The initial police report said Greene died due to a car crash. But in May 2021, two years after Greene's death, Louisiana State Police released hours of body camera video that showed a violent struggle between Greene and police. State troopers are seen punching and using a stun gun on Greene after he crashed his car following a pursuit in northern Louisiana on May 10, 2019.

"What happened to Ronnie was a cover up," Hardin said, vowing to continue her fight for justice.

An autopsy report by the Union Parish Coroner's Office found blunt force injury to Greene's head, neck and torso. The cause of death was listed as "cocaine-induced agitated delirium complicated by motor vehicle collision, physical struggle, inflicted head injury and restraint."

The Federal Bureau of Investigation and the Justice Department's Civil Rights Division are also investigating Greene's deadly arrest. Meanwhile, Greene's family has filed a wrongful death lawsuit against the troopers involved in the incident, as well as their supervisors.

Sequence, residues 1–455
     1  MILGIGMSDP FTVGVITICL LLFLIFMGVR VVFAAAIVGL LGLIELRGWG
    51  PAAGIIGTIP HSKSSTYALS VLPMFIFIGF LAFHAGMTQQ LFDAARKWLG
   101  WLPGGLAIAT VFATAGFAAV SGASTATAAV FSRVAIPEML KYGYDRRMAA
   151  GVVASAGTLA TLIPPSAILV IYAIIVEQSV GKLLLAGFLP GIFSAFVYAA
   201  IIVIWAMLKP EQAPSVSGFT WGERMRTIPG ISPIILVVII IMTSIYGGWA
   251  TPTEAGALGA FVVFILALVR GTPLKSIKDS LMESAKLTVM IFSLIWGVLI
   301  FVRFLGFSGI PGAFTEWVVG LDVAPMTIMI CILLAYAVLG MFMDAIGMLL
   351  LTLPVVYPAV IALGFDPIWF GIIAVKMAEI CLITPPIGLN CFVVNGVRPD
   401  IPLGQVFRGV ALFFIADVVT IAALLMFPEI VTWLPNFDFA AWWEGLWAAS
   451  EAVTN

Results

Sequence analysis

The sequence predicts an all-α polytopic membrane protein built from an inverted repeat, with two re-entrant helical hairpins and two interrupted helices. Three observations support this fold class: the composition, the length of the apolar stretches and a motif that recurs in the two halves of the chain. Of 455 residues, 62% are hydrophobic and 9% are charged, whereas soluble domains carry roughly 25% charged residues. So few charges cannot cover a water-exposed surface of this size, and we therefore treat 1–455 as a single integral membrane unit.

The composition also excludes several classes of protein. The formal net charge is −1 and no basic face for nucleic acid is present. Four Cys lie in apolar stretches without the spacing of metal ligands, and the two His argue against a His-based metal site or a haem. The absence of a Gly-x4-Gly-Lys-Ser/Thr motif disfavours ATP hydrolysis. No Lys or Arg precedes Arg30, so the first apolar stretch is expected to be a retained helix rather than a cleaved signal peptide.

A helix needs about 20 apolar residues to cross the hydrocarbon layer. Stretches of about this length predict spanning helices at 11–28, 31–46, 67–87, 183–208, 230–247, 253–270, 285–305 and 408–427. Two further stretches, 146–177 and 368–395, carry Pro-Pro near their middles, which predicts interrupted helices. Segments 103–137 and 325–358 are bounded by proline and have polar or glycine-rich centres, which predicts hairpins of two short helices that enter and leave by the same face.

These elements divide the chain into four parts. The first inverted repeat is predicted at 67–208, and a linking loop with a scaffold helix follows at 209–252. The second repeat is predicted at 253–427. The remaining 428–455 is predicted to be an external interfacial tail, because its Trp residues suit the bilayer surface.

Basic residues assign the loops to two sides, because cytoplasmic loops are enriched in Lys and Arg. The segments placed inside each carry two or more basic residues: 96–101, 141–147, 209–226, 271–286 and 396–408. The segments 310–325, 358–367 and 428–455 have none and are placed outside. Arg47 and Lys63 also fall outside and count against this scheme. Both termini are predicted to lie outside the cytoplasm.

The death of Nichols in January renewed calls for accountability and intensified a push for police reform as legislation stalls in Congress. The president, who met with members of the Congressional Black Caucus in the wake of Nichols' death, is expected to address police reform as he urges lawmakers to pass the George Floyd Justice in Policing Act, which initially passed in the House in May 2021 but languished in the Senate.

Asked what she would like to hear from Biden, Hardin said, "please don't look through me, look at me."

"Look into my heart, see my pain. See the pain of all our families. Because if changes aren't made, you're looking right through us," she added.